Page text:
The Ransom Model

The single biggest challenge facing independent authors right now is (and this is a doozy) how to make money. It’s a fundamental concern, and it also happens to be the one place where traditional publishers definitively have us beat.

There are dozens of ideas floating around and I intend to talk about the strengths and weaknesses of several in the coming weeks. Today, however, I’ll be focusing on one in particular; I call it The Ransom Model, and it’s just as sinister as it sounds. *cue maniacal laughter*

Alright, I admit that was a bit of a come on. The basic concept isn’t sinister per se, but it is a little radical. It requires us to reconsider our rights as creators, our relationship to the reading public, and how we ought to be paid.

Some background…

Traditional publishing is–at least from my outsider’s perspective–a pretty complex process. The path a novel takes from the author’s desktop to the reader’s hands is twisty and circuitous, with forward steps followed by backward steps so often you might think you’re doing the cha-cha.

To grossly simplify the payment model, writers are promised a small percentage of each sale (a royalty), with that percentage fluctuating based on the number of printings and the book’s form-factor (i.e. hard-cover, paperback and mass market paperback). The author is paid an advance on their royalties, and in an ideal world, would continue to make more money as their title gains popularity and sells. The truth isn’t so rosy, however. For first time authors, that advance is just a few thousand dollars, and it’s usually the only check they get. Their books only ever see a single printing, backed by little to no marketing, and quickly fade into obscurity.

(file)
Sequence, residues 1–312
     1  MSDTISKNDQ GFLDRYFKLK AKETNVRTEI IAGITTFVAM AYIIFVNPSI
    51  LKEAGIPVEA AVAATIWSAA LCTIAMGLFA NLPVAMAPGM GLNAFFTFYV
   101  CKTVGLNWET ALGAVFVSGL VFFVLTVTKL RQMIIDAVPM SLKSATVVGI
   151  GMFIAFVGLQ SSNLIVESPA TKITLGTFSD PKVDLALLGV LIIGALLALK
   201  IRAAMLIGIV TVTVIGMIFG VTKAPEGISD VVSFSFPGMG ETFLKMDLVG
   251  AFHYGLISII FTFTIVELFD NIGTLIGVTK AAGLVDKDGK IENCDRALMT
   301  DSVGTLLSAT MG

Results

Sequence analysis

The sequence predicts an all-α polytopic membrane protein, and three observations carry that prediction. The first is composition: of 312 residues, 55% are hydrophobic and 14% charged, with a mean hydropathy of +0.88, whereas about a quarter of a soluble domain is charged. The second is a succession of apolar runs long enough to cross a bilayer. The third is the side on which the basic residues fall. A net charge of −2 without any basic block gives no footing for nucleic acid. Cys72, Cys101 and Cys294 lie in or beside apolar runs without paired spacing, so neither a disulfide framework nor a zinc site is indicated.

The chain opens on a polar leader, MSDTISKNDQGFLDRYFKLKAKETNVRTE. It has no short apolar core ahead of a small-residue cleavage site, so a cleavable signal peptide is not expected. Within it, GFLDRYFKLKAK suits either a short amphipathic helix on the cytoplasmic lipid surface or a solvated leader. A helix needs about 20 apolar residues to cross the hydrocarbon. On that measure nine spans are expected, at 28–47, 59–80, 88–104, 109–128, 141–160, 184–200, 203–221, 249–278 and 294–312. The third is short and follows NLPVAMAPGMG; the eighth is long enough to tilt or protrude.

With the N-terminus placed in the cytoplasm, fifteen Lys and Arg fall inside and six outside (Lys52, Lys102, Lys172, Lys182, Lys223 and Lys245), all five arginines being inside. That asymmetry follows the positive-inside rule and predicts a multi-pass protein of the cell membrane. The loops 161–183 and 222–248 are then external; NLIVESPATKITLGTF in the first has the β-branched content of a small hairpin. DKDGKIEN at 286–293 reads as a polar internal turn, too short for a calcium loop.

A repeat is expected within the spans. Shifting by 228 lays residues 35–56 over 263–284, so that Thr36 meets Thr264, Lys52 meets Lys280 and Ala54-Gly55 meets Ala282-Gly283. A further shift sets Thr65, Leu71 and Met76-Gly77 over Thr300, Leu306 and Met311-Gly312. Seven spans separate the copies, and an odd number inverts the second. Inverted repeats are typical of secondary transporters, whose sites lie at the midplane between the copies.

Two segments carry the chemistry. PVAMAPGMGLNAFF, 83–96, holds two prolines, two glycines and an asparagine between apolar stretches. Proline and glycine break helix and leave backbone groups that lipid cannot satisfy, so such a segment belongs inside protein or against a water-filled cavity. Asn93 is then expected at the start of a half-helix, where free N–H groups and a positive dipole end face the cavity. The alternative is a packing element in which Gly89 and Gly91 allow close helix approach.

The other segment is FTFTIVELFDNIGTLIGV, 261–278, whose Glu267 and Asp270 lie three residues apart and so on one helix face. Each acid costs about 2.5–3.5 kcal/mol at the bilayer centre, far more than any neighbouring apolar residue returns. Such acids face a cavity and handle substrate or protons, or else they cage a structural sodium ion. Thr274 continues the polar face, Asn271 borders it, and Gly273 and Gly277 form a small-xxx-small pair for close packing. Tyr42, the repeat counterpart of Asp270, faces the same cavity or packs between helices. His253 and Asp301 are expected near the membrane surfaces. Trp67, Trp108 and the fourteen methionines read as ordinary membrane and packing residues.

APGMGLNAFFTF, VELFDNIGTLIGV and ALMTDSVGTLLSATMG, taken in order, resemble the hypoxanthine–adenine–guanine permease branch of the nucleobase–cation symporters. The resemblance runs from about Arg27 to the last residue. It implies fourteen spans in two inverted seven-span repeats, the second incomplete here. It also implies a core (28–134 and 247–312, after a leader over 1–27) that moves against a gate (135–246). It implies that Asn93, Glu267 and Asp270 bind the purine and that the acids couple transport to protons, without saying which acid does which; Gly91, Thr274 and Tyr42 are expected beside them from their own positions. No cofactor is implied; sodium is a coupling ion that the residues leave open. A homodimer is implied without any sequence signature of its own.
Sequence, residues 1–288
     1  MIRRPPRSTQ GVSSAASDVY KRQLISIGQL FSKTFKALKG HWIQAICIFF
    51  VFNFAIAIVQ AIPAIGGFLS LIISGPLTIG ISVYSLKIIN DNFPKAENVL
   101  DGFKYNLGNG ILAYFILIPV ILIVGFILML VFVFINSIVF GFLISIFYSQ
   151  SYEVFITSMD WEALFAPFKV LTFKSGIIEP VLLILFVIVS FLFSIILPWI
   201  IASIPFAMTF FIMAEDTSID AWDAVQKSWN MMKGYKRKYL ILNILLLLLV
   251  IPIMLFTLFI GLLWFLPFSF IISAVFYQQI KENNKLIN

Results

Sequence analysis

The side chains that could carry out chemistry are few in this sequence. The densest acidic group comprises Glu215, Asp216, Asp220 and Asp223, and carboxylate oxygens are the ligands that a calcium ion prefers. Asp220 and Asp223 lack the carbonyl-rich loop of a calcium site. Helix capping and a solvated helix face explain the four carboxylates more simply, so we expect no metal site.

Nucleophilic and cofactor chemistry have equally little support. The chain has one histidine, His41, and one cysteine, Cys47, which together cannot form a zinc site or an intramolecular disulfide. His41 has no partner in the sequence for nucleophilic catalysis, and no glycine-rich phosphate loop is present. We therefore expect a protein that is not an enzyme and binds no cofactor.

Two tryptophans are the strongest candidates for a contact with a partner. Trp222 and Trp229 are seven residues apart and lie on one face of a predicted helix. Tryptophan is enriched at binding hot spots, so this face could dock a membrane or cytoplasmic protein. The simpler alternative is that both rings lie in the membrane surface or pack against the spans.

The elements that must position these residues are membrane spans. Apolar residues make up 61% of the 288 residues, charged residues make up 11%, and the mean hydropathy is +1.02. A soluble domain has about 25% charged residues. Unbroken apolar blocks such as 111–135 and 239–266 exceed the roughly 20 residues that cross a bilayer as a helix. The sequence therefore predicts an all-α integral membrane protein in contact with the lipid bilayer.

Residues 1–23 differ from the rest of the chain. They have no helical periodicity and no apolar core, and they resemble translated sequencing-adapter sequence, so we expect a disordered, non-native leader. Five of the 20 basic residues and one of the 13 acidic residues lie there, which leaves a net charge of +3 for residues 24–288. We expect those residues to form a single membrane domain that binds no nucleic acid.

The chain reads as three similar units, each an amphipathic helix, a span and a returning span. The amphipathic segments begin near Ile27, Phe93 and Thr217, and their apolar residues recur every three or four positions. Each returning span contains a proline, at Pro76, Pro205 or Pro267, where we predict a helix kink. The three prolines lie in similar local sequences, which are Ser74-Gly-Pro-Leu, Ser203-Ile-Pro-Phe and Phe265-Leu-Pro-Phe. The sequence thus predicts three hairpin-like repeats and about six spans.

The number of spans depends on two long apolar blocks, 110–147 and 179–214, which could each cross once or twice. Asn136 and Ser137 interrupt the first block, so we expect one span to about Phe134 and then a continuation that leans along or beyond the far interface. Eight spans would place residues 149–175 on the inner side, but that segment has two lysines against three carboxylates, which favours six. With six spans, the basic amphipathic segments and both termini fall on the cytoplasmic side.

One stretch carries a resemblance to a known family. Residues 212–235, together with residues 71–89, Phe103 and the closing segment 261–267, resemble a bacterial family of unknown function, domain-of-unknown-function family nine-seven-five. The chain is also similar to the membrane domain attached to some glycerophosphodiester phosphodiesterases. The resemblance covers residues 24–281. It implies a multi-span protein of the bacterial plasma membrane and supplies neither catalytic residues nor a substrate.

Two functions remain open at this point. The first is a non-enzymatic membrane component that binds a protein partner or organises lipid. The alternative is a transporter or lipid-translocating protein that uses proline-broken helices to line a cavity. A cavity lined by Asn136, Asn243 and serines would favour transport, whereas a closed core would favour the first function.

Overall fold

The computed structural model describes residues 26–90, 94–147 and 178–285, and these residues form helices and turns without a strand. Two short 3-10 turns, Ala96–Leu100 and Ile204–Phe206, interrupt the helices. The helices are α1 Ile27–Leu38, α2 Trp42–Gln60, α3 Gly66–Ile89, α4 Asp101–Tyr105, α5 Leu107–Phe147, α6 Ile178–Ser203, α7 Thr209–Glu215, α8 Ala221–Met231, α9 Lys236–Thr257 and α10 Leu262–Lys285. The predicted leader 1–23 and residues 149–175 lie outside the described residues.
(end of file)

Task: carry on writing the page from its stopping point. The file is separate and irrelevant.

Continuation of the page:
As digital publishers, we don’t have the same concerns as traditional publishers. We don’t rely as heavily on typesetting, don’t pay to print 100,000 copies, don’t deal with distributors or warehousing, and don’t have to convince book stores to buy our products so they can sell them to the public. Instead, we define the structure of a book and let the e-reader worry about the layout. We market directly to our readers, and if we embrace technologies like BitTorrent, our distribution is virtually free and only gets cheaper the more we use it. In an hour, I can spread a million copies of a book over six continents using nothing more than my residential internet connection. Sounds a bit like magic, doesn’t it?

The problem is that it’s nearly impossible to attach a dollar sign to a digital copy. That copy isn’t tangible; you can’t hold it in your hands and carry it to the check-out counter. More importantly, if we try to make the digital copy more like the printed book using DRM (digital rights management, technology that makes it harder to copy), we destroy its natural strengths. We’re taking an excellent product and intentionally making it worse.

Let me run over that again for emphasis… The key strength of information technology is its ability to copy. That’s its defining trait, which the entirety of the internet was built upon. Computers are darned good at copying bits and we don’t want to fight that power; we want to exploit it.